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If an atom loses an electron, why doesn't its proton in the nucleus repel the charge and fall apart?
When an atom loses an electron, the positive charge on the resulting ion comes from the fact that there is now one more proton than electrons. There is no external positive charge for the proton in the nucleus to repel. The positive charge comes from the excess proton in the nucleus. Also, the strong nuclear force in the nucleus keeps the nucleus intact.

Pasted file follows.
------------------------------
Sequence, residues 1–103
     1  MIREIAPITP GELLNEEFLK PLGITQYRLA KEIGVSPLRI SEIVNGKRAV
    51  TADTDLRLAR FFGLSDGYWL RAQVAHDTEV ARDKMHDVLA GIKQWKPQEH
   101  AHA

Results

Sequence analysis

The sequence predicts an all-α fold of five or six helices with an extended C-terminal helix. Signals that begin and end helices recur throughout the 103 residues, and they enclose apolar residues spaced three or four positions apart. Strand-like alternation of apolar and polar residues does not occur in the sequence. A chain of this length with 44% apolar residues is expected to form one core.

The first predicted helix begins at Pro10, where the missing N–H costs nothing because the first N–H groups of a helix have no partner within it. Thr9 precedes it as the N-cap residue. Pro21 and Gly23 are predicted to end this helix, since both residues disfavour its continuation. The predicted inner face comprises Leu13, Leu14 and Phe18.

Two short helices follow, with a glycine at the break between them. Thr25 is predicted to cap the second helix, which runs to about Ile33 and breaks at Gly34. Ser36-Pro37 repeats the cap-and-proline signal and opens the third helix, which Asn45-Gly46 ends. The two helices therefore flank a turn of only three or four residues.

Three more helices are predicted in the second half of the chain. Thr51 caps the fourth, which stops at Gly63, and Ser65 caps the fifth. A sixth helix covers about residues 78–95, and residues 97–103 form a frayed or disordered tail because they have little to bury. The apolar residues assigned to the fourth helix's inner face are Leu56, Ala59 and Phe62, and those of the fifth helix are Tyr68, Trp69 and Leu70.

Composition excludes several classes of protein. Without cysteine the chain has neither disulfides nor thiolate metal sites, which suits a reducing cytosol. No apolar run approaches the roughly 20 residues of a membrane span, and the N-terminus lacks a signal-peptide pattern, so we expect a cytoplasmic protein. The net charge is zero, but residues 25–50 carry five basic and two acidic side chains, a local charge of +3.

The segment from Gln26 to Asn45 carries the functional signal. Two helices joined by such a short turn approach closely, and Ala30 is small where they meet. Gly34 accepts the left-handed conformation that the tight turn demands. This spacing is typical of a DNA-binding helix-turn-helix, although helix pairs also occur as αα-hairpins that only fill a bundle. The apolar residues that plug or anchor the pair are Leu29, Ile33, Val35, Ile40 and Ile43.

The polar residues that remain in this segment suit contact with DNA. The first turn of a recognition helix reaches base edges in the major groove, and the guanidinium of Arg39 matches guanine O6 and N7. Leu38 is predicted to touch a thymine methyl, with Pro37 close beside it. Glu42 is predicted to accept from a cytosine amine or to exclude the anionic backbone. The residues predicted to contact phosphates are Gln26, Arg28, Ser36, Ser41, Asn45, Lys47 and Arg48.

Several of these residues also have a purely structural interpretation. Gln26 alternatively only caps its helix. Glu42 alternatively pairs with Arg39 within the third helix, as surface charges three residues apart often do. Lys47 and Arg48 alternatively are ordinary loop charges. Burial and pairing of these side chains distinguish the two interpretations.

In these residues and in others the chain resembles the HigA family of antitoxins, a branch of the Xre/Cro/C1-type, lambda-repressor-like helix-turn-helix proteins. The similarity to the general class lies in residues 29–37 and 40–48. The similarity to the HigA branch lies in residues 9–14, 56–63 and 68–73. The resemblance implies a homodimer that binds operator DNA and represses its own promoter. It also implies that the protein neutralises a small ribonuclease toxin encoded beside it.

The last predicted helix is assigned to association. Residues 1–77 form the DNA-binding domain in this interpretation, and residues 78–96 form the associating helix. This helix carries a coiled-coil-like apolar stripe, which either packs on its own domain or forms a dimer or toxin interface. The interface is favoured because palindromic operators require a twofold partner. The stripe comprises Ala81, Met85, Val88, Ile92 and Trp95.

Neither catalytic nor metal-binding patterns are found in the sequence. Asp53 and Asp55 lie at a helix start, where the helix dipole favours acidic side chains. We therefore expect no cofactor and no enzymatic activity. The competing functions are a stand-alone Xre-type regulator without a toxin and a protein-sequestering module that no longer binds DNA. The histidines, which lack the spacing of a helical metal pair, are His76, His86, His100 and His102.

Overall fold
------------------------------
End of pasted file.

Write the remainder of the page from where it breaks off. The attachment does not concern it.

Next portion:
For example, a neutral sodium (Na) atom has 11 protons in its nucleus and 11 electrons in its electron cloud. If it loses one electron, it becomes a sodium ion with a charge of 1+, because there are now 10 negatively charged electrons, and 11 positively charged protons. The positive charge comes from the fact that there is now one more proton than electrons. So the positive charge is from the nucleus. There is no external positive charge for the protons in the nucleus to repel. Also, as stated earlier, the strong nuclear force holds the nucleus together.